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Florida’s Most Wanted

Florida’s Most Wanted | Miami

These invaders are on the loose, and multiplying.

South Florida is under attack. From green iguanas in Miami to Argentine black and white tegus in Homestead to Burmese pythons in the Everglades, invasive reptiles from Asia and South America are wreaking havoc on the region’s ecosystems.

Experts say that a number of causes are to blame for these non-native reptile outbreaks, with careless pet owners and the exotic pet trade at the top of the list.

“People buy these tiny little lizards and when they grow up, they don’t want them anymore, so they incorrectly and illegally release them,” said Natural Selections of South Florida President and conservation biologist Joe Wasilewski. “So they think they’re doing the animal a favor, when they’re harming not only it, but the environment. It’s a story that’s repeated over and over here in South Florida.”

Green iguanas are native to Central and South America, but they have made themselves right at home in Florida, from Key West all the way up to Palm Beach. Wasilewski calls the iguanas the “green plague.” Aside from being a common backyard nuisance, iguanas are eating native vegetation, damaging municipal infrastructure, and even threatening airline safety.

Non-native green iguanas have invaded South Florida from Key West to Palm Beach. / Swamp Apes

“I have been stopped by planes at Fort Lauderdale Airport because iguanas were on the runway,” Wasilewski said. “You hit a 20-pound iguana in a small plane, you’re talking a potential disaster.”

Wasilewski removes green iguanas  along with other reptile species that dine on Florida’s native flora and fauna, including Argentine black and white tegus.

Argentine black and white tegu lizards pose a major threat to the well-being of native wildlife and ecosystems in South Florida. / Dennis Giardina / Florida Fish and Wildlife Conservation Commission

Native to parts of South America, tegus can grow up to 4 feet long. And although these large intelligent lizards can be kept as pets, tegus should be approached with caution in the wild.

“Tegus have huge, powerful jaws and teeth,” Wasilewski said. “You do not want to get bitten by this thing. I would rather get bitten by an alligator.”

According to Wasilewski, Argentine black and white tegus were first noticed by South Floridians at trailer parks.

“They’re more of an urban animal,” Wasilewski explained. “They go into people’s yards, and if you leave food out for your dog or cat, they’ll actually eat it out of the bowl. A trailer park is a perfect habitat, and there’s skirting under the trailer where they can hide. We’ve been chasing them around trailer parks for years.”

Wasilewski scatters traps throughout Miami-Dade County using store-bought eggs as bait. The tegu’s egg-eating diet is already wreaking havoc on South Florida’s nesting birds, turtles, and alligators, and biologists fear that federally protected American crocodiles could be the next victims.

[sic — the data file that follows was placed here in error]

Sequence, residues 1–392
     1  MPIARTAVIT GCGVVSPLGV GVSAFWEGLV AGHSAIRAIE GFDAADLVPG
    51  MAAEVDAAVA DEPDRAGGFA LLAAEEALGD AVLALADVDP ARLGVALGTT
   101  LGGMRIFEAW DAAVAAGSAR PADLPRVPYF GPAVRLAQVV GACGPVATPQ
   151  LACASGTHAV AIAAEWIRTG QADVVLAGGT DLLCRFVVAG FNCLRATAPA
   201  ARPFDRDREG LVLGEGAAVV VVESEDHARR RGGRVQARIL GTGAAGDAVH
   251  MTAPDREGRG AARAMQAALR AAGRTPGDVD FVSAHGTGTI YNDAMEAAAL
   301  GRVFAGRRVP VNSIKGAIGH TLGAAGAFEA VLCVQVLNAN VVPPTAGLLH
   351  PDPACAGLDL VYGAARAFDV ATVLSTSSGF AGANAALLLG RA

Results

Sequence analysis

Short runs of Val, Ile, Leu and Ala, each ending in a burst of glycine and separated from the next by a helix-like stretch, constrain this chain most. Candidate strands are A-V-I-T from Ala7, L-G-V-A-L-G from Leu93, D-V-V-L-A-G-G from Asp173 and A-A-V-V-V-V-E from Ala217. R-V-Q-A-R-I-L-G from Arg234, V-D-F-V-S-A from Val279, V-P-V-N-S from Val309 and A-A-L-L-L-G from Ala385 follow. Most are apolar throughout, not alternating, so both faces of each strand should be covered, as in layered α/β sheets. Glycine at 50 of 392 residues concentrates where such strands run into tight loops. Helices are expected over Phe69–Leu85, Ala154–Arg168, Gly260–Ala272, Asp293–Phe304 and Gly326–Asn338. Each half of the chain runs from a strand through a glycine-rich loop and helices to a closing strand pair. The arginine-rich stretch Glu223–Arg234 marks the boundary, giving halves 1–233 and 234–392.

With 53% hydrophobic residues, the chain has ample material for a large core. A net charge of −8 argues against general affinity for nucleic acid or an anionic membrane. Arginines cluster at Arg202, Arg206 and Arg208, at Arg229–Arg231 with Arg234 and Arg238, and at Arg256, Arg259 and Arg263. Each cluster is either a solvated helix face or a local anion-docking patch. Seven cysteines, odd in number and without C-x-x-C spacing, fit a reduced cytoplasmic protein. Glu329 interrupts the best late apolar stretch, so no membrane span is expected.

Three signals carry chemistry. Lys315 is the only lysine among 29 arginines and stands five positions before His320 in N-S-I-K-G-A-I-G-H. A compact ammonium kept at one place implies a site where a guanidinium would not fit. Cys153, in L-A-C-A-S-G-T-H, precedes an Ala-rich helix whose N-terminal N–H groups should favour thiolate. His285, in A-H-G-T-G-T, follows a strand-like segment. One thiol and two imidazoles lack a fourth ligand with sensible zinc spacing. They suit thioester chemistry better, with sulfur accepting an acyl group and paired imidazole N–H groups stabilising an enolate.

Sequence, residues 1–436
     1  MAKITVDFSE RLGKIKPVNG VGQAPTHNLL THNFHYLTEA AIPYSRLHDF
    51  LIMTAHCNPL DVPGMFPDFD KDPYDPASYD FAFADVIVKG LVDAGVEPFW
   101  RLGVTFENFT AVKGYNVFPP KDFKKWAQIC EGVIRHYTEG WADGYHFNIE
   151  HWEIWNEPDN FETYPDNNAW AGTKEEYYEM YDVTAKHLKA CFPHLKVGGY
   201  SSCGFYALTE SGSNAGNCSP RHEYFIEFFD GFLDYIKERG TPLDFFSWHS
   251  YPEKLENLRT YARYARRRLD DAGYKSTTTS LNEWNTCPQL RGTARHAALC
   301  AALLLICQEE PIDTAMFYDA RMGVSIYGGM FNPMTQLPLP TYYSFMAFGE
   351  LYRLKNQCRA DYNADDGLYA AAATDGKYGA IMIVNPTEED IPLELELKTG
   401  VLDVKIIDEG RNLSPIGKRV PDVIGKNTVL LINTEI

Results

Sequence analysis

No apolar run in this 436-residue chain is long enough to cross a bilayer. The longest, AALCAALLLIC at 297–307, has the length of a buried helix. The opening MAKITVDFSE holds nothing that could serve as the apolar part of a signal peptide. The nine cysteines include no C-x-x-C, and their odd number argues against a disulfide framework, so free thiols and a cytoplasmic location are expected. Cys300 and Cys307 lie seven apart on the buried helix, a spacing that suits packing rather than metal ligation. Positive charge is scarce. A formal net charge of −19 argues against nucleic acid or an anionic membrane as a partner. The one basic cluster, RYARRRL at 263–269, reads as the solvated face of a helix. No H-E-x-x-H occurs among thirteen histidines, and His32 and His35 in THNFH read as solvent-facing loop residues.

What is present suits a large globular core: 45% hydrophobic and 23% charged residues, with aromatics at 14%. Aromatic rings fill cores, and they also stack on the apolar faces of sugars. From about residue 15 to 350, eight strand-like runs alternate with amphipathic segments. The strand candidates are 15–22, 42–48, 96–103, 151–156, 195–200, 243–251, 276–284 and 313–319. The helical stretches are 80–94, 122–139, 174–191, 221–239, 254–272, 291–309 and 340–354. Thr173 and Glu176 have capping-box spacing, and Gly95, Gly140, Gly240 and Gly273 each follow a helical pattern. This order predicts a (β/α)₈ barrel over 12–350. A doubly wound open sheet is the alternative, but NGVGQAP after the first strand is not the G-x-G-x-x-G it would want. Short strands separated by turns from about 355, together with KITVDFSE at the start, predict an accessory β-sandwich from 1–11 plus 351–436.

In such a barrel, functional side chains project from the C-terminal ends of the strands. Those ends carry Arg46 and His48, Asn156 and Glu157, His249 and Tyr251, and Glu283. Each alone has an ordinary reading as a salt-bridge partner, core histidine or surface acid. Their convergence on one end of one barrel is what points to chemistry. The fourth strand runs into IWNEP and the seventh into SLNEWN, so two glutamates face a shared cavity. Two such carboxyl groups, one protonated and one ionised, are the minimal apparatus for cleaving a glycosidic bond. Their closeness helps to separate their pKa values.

“This is an eating machine, and we need to catch the tegus before they get into the crocodile nests,” Wasilewski warned. “We know that they’re eating eggs from alligator nests in the Everglades, and tegus are moving east where the American crocodiles are. We’re terrified, environmentally speaking, that if they get into those nesting grounds, they can literally wipe out the population. They’ll eat the hatchlings – tegus are as big a threat in South Florida as Burmese pythons.”

The population of notorious Burmese pythons is exploding in Everglades National Park, which is particularly vulnerable to invasive species.

The pythons are devouring a range of native fauna that calls the Everglades home, including birds, raccoons, rabbits, and even white-tailed deer. A full-grown adult Burmese python can grow upwards of 15 feet. While the total number of pythons in South Florida is unknown, it is estimated that there could be hundreds of thousands of these invasive predators roaming free in the Everglades.

Burmese pythons are wiping the biologically-diverse landscape of the Everglades clean of native species. / Conservancy of Southwest Florida

To combat the ever-growing Burmese python population, the South Florida Water Management District hires independent contractors to hunt the species through its Python Elimination Program. Since the program’s launch in 2017, more than 1,000 pythons have been removed.

“It was a brilliant, brave idea – and it’s wildly successful,” said python hunter and Swamp Apes Founder Tom Rahill. “The python problem is not something that’s going to be eliminated; it’s got to be managed. And that’s exactly what we’re doing, managing the population. Hopefully we can get them down enough so that the native populations that are preyed upon by the pythons have a chance to recover.”

Aside from management, Joe Wasilewski emphasized responsible pet ownership as a key component in the fight against invasive species in South Florida.

“I am totally for keeping pets, but I am totally against releasing any non-native reptile into the wild,” Wasilewski said. “And it’s against the law in Florida to release any non-indigenous species.

— Sean Keenehan

Media Manager ID